Logom_copy Since mid-January my husband has been googling Tahoe area hotels, trying to find an affordable room in which we can squeeze our family of five not too long a drive from one of the smaller ski resorts. We long ago gave up on the idea of staying right at the slopes; too far off the charts price-wise. And we’ve crossed a number of resorts off our preferred list as the years has gone by, too big, too hectic, too many lines. 

    Finally we agree that yeah, we can fit five people in a room with two double beds somehow, and that 20 minutes to the slopes isn’t that bad a drive. And we add making dinner reservations to our to-do list, since we’ve learned that kids don’t do well waiting an hour to get into a restaurant after a long day of skiing. And we think we’ve calculated on how to best time our drive up to the Sierras to avoid a nine-hour traffic jam.

    Meanwhile, in the midst of the ski-week booking madness, I get a flurry of email from several old friends—did I hear? Mount Tone, my absolute favorite ski resort in the entire country, is closed. The ski report lines still list it in their databases, but note that it’s not reporting snow conditions. A web site under construction promises a sale of logo’d clothing and souvenirs as long as supplies last, and will post a history. Yes, Mount Tone is dead.

    Sure, I haven’t skied Mount Tone since 1985, but I’d checked the web site occasionally, it hadn’t changed a bit, and I always thought I’d ski it again. With my kids, perhaps.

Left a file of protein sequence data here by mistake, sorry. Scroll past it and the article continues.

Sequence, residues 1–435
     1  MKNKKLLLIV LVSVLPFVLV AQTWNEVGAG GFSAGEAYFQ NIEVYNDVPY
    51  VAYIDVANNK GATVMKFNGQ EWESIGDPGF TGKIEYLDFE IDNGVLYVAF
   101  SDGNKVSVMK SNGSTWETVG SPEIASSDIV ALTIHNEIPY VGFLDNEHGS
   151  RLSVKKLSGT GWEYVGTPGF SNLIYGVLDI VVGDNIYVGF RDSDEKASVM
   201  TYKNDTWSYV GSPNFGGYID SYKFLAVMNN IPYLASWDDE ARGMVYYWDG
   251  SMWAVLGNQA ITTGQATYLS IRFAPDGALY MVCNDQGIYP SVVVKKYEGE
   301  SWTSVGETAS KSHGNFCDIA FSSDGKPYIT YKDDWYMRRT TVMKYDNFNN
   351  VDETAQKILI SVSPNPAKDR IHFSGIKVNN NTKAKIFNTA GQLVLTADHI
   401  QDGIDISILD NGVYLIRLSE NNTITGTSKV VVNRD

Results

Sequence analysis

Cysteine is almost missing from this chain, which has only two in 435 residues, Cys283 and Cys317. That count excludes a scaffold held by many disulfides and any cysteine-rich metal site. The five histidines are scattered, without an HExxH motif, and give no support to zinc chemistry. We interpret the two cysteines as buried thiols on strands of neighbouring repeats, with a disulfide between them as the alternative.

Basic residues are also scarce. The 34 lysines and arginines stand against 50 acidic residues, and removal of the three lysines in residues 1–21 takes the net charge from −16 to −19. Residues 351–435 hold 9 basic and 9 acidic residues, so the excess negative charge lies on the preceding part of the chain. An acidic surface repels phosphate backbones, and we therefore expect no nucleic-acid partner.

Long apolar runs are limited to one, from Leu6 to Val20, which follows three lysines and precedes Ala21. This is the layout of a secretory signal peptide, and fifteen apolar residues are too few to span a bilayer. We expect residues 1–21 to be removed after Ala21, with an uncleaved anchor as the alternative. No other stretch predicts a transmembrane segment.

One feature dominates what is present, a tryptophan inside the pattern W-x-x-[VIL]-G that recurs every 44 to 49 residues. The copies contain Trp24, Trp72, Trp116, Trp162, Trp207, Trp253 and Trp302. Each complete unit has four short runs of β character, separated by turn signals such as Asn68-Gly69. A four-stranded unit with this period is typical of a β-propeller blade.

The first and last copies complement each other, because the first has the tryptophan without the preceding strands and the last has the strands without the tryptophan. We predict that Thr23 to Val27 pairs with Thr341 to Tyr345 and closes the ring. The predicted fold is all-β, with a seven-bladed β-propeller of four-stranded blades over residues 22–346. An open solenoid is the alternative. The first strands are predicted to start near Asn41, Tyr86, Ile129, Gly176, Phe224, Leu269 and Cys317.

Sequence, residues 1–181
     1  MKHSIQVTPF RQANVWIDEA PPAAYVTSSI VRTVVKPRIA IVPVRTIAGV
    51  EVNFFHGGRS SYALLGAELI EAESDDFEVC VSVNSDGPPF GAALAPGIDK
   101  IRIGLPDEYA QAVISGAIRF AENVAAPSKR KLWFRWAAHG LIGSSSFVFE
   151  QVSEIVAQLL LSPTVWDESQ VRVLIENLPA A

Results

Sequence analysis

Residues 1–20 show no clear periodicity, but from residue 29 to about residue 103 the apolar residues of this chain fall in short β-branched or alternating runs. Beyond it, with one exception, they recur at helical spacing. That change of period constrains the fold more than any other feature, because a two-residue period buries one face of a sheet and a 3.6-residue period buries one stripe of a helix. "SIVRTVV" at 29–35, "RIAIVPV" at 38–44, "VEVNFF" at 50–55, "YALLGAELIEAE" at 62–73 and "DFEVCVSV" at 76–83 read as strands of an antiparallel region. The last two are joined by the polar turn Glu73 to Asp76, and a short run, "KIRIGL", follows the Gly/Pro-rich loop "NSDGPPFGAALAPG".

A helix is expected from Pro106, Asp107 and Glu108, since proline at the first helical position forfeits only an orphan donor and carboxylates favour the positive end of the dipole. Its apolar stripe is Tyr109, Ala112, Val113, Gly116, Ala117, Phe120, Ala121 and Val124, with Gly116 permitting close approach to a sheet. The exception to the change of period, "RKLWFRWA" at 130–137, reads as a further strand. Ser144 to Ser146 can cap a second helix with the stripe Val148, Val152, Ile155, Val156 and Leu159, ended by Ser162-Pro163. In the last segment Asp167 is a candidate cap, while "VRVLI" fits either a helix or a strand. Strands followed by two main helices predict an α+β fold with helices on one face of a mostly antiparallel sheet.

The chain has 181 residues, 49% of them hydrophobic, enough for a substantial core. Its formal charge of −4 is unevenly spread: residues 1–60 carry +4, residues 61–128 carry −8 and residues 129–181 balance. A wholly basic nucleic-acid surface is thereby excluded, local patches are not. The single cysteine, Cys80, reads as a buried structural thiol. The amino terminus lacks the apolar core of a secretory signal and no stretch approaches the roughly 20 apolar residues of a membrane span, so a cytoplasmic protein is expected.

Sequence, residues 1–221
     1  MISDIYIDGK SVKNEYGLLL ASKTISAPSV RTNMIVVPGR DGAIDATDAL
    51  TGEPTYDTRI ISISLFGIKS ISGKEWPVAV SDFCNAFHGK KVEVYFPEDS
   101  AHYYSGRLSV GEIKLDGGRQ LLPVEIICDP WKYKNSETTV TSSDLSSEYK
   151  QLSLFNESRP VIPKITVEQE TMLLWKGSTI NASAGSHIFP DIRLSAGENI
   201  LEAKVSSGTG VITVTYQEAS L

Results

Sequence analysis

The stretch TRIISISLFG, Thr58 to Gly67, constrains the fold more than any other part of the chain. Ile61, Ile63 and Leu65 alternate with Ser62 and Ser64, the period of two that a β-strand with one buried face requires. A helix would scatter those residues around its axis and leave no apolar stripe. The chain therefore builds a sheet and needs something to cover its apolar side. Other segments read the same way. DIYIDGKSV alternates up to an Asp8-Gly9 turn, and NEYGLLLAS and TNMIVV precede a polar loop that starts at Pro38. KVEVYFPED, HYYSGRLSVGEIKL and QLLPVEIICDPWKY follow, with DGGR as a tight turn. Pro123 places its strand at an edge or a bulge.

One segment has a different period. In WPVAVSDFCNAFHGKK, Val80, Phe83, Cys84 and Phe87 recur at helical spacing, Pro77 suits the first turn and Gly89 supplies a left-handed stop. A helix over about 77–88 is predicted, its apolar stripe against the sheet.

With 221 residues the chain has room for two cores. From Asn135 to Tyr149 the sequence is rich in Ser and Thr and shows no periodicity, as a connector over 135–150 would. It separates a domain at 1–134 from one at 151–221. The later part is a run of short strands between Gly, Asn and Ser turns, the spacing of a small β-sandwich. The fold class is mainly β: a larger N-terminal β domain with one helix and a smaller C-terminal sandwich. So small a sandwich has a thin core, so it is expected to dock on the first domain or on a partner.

I’m sure you haven’t heard of Mount Tone. It’s in Pennsylvania. Not quite in the Poconos. Not quite anywhere, actually, but only a couple of hours drive from New York City along roads that are anything but heavily traveled.

    Mount Tone had two hills and three lifts for downhill skiers, and one or two cross-country loops. The highest peak climbed to 1900 feet above sea level, the total vertical drop was 450 feet. The rope tow went halfway up that 450 feet. The chair lift went all the way up. And, if you were up for hiking across the frozen lake to the next hill, you got to ride a T-bar lift (which means going up could be as challenging as going down).

    Mount Tone weekend ski packages in 2005 cost about $100 per person. (They cost a lot less in the early 80s). That got you two days of lift tickets (including night skiing), all the lessons you could stand, two nights of lodging, and five meals, cafeteria style. Lodging meant a bunk bed and a scratchy blanket in a big cabin; the cabins slept eight to ten people each, but each group got its own cabin, and you were a group as long as you had at least four people;  we usually had a dozen people split between two cabins. That $100 also got you access to the main lodge for all-night BYO dance parties, since Mount Tone didn’t have a bar. And traying or tubing down the bunny hill when you got tired of dancing.

    We always reserved the double cabin halfway up the main slope. You could take the rope tow directly to the wide porch, or ride the chair lift to the top of the hill and ski down to the cabin. We used the snowbanks in front of the cabin for chilling stoli and schnapps; nonskiers in the group served hors d’oeuvres and drinks over the front railing.

    The slopes weren’t exactly challenging, but we found ways to adapt. We made conga lines and wove our way down the slopes. We skied every trail backwards. We tried 360s and ski ballet. We always brought along a few novice skiers to entertain us by struggling to conquer the rope tow. And skiing hasn’t ever been so much fun.

    So what killed Mount Tone? Monster homes, perhaps, pushing into rural Pennsylvania? Hard to imagine. Global climate change, with today’s warmer winters making low-altitude skiing less viable? Perhaps. Or maybe it was just all us former Mount Tone skiers who moved out of the area and never got around to going back.